The cash basis of accounting has been traditionally used across the public sector. In the last five years in particular there have been discussions over the benefits of a change to the accrual basis.
The move to accrual accounting is part of the process of adopting private-sector-style financial statements for use in the public sector. This includes the production of the equivalent of a profit and loss account, a balance sheet and a cash-flow statement. In the process all major capital assets are valued (in some cases each year) and the costs of these assets are charged to the expenditure account over their useful lives through the use of some form of depreciation.
Private-sector-style financial statements may provide additional information, especially on the value of capital assets, and may allow increased comparability of relative efficiency between organisations. They may not, however, provide useful and relevant information on, for example, the extent to which public sector buildings are being adequately maintained. In addition, the costs of producing such financial statements may be significant. The decision on whether to publish such accounts should, however, be taken after undertaking a comprehensive cost-benefit analysis.
The benefits of accruals accounting have been summarised by Evans (Resource accounting and budgeting, 1995):
- better measurement of costs and revenues, including comparisons between years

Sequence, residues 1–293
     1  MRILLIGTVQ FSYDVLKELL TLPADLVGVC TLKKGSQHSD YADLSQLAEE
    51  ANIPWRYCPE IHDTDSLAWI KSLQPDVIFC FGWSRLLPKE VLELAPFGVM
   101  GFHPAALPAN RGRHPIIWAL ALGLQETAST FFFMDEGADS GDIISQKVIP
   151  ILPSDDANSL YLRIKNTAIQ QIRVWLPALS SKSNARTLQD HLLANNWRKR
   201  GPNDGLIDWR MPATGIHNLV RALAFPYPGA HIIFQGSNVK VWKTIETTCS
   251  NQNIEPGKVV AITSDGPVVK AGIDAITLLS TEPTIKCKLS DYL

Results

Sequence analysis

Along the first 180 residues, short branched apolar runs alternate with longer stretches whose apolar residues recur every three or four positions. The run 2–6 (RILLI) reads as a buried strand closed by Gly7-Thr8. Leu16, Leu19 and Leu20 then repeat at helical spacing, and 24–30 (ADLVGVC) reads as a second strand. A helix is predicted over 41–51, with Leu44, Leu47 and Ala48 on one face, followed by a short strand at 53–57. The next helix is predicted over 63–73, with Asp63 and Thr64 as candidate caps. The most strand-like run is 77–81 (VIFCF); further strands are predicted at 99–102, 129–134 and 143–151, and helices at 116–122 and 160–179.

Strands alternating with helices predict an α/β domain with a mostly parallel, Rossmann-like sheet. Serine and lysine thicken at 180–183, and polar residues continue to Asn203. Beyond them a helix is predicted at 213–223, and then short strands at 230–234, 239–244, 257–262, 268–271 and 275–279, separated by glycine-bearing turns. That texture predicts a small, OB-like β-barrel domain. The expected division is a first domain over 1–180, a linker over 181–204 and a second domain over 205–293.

- greater focus on outputs rather than inputs
- more efficient and effective use of resources, eg, through charges for fixed assets
- full cost of providing a service can be compared with outside suppliers
- a better indication of the sustainability of government policy
- improved accountability
- better financial management
- greater comparability of management performance results.
Accrual accounting should not be considered in isolation, but as part of a package of reforms which have come to be known as New Public Management. Accrual accounting is not an end in itself, but rather, a means of shifting the emphasis of the budgetary process away from cash inputs, towards outputs and outcomes, in the hope that this will result in greater management efficiencies, and hence, better outcomes for governments and the communities they serve. The move to accrual accounting is primarily aimed at facilitating contestability in the provision of public-sector services. Thus, it aims to allow comparisons of the current cost of providing the service with potential alternative providers of these services from the public, not-for-profit, or private sectors.
International Federation of Accountants (IFAC) International Public Sector Accounting Standards Board (IPSASB) argues strongly that all governments should adopt the accrual basis. Even in the introduction to its cash-basis accounting standard (2003) it states that the 'Committee encourages governments to progress to the accrual basis of accounting'. In many of its other publications it puts the case for transferring from the cash to the accrual basis, but it only provides the presumed benefits of this transfer.